# A Priori

A Priori is a Latin phrase which means From what comes before

In the sense in which it is used in the subject of probability, it means

• Derived by logic, without observed facts
• Involving deductive reasoning from a general principle to a necessary effect; not supported by fact
• Based on hypothesis or theory rather than experiment

How do we know that the six elementary events of getting 1, 2, ..., 6 on tossing a die are equally likely?

We did not conduct any experiment.

Then how did we conclude so?

We came to such a conclusion on the acceptance of the notion that the die behaves in an unbiased manner. Moreover, we also accept and make use of the notion that the six elementary events are equally likely.

All this is based on conclusions drawn by earlier studies or by logical reasoning.

We have not conducted any study to attribute the probability for any of these elementary events.

## A Priori Probabilities

Probabilities which are based on reasoning and generally accepted principles or notions are called a priori probabilities.

The Mathematical or classical definition of probability is an a priori definition.

# Mathematical/Classical/A Priori Definition of Probability

There is an experiment with n mutually exclusive, equally likely, and exhaustive elementary events. m of the elementary events are favorable to the occurrence of an event. Then the probability of occurrence of the event (represented by P(Event)) is given by the ratio of the Number of favorable choices for the event to the Total number of possible choices in the experiment.

Probability of Occurrence of an Event

=
 Number of Favorable Choices for the Event Total Number of Possible Choices for the Experiment
⇒ P(E) =
 mE n

E represents the event.

## Probability of Success

The number of Favorable choices is also identified as the number of successes for the event and the probability of occurrence of an event is also identified as Probability of success

Probability of Success for an Event

=
 Number of Successes for the Event Total Number of Possible Choices for the Experiment
⇒ P(E) =
 mE n

# Probability of Non-Occurrence of the Event

Number of Unfavorable choices for the Event

= Total Number of Possible Choices in the Experiment − Number of Favorable Choices for the Event.

⇒ mEc = n − mE

Where Ec represents the event of the non-occurrence of the Event.

Probability of Non Occurrence of the Event

=
 Number of Unfavorable Choices for the Event Total Number of Possible Choices for the Experiment
⇒ P(Ec) =
 mEc n

## Probability of Failure

The number of Unfavorable choices is also identified as the number of failures for the event and the probability of non-occurrence of an event is also identified as Probability of failure

∴ Probability of Failures for the Event

=
 Number of Failures for the Event Total Number of Possible Choices for the Experiment
⇒ P(E) =
 mEc n

# Probability of Occurrence + Probability of Non-Occurrence = 1

The events of occurrence (success) and non-occurrence (failure) are mutual compliments.

⇒ Probabilities of the occurrence (success) and non-occurrence (failure) of the events are compliments

P(Ec) =
 mEc n
=
 n − mE n
=
 n n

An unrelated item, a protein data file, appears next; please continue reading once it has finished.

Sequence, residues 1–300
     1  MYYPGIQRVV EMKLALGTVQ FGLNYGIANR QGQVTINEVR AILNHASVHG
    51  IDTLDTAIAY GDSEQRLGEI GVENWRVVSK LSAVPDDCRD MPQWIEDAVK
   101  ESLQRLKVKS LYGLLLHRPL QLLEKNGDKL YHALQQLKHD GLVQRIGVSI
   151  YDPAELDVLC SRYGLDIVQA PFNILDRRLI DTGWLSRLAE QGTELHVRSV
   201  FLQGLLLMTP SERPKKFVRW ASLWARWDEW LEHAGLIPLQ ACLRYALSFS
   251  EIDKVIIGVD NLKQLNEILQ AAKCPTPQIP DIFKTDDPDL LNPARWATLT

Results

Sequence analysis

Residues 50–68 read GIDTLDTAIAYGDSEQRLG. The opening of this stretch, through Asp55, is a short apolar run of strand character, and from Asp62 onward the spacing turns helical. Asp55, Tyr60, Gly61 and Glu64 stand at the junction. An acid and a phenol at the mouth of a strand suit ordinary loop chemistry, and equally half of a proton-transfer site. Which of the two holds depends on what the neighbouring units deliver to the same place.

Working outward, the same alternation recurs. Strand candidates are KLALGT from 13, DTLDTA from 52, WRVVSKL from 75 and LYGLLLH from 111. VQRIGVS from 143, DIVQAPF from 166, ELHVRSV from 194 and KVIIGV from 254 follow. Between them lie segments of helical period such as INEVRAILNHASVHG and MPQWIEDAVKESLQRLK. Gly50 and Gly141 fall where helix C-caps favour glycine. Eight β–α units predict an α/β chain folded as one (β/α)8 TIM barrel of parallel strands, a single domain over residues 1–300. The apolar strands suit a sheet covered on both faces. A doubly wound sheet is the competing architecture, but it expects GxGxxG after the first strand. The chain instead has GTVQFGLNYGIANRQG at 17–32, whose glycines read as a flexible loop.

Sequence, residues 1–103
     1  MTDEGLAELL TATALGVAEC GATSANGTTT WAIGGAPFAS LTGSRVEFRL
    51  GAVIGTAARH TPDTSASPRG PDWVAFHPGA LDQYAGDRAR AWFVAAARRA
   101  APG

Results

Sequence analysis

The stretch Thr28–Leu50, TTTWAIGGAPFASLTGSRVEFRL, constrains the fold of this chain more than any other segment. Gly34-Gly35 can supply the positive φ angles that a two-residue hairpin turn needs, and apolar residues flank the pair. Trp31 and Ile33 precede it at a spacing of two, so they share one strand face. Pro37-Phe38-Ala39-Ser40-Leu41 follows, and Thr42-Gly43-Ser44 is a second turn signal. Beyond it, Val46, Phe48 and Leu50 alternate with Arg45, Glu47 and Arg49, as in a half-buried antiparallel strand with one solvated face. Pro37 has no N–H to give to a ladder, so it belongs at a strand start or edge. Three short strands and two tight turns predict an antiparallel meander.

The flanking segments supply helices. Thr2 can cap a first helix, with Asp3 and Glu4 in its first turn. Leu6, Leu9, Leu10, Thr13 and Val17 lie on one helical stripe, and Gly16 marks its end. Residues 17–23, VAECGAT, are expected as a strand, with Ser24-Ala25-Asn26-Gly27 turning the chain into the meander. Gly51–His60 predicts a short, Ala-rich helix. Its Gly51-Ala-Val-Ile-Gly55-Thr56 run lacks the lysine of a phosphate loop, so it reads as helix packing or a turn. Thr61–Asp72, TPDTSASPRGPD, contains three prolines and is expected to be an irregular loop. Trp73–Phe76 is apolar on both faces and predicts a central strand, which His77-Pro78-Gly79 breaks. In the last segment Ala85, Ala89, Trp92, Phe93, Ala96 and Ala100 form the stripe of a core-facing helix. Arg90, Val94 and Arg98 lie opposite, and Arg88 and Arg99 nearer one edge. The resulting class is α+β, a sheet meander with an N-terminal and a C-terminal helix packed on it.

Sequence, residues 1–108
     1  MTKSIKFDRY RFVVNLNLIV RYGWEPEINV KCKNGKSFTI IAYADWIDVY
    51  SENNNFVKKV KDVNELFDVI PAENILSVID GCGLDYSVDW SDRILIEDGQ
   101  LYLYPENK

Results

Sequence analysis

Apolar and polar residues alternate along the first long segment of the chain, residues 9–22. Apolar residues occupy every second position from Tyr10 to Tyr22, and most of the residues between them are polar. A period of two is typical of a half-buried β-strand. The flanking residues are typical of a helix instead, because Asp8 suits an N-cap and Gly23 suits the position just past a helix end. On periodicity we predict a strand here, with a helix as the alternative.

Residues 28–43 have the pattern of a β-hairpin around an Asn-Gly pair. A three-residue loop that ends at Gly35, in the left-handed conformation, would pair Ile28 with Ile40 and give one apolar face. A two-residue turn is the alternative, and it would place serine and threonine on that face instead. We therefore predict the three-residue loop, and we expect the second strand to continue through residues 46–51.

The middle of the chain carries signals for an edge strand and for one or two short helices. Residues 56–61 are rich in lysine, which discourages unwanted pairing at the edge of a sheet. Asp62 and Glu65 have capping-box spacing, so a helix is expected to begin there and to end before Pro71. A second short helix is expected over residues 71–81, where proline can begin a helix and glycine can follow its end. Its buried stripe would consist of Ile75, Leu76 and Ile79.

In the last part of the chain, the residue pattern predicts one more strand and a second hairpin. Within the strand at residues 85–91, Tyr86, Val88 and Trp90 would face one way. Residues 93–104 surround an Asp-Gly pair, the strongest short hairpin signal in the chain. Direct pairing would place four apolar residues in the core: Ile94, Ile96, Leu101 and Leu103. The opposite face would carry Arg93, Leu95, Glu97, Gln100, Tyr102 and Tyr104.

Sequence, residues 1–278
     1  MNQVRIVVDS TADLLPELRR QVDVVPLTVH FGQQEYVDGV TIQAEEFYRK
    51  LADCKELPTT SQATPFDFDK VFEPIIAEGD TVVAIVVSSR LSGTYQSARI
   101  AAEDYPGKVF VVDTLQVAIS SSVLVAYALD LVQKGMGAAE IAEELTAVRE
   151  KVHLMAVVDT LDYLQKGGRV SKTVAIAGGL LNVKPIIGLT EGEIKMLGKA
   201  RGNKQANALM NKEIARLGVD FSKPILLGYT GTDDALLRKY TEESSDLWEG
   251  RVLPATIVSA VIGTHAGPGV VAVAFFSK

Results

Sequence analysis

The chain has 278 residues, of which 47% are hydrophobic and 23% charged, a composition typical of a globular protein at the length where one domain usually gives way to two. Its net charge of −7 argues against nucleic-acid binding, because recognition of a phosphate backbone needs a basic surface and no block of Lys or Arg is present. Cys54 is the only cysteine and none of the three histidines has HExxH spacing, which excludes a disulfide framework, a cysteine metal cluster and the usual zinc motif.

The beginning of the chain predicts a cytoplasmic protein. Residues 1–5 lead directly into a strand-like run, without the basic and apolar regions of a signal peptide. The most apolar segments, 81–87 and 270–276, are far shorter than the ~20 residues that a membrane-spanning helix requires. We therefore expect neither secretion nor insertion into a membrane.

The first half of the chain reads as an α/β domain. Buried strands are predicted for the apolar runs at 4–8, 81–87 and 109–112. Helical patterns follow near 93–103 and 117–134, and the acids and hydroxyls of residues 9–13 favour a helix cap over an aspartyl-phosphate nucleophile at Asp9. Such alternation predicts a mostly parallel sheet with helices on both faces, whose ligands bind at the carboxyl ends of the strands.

mE n
= 1 − P(E)

⇒ P(E) + P(Ec) = 1

The sum of the probabilities of occurrence and non-occurrence of an event is 1.

## Probability of Success + Probability of Failure = 1

The probability of occurrence of an event is identified as Probability of success and the probability of non-occurrence of the event is identified as Probability of Failure.

∴ P(E) + P(Ec) = 1

⇒ Probability of Success + Probability of Failure = 1

# Formula Interpretation

• ## m, mc are non-negative integers

The values m and mc represent number of choices and as such they cannot be

• negative
• fractional values

They can be either positive integers or zero.

Zero being neither negative nor positive, we can say they are non-negative integers.

• ## n is a positive integer

n represents the total number of choices and as such it cannot be

• negative
• fractional values

It can only be a positive integer.

It cannot be Zero as it amounts to saying there are no outcomes in the experiment.

• ## Probabilities are positive Rational Numbers

The values m, mc and n are non-negative integers and n ≠ 0.
Therefore, the ratios  m n
and  mc n
are non-negative rational numbers
Since P(Event) =  m n
and P(Eventc) =  mc n
, we can say that the probabilities are positive rational numbers.
• ## 0 ≤ P(Event) ≥ 1

The value of m, ranges between 0 and n.
⇒ The value of  m n
ranges between 0 { 0 n
} and 1 { n n
}.

⇒ The value of P(Event) ranges between 0 and 1

⇒ 0 ≤ P(A) ≤ 1

• ## 0 ≤ m ≥ n

The value of m ranges between 0 and n.

• Minimum value = zero

when there are no favorable choices for the event

• Maximum value = n

where all the possible choices form favorable choices for the event

• ## 0 ≤ P(Eventc) ≥ 1

P(Ac) = 1 − P(A)

It is

= 1, When P(A) = 0

= 0, When P(A) = 1

between 0 and 1 when 0 < P(A) > 1

⇒ The value of P(Ac) ranges between 0 and 1

⇒ 0 ≤ P(Ac) ≤ 1.

• ## Impossible Event

Any event whose probability of occurrence is 0 is an impossible event.

Event A is called an impossible event, when P(A) = 0

• ## Certain Event

Any event whose probability of occurrence is 1 is a certain event.

Event A is called a certain event, where P(A) = 1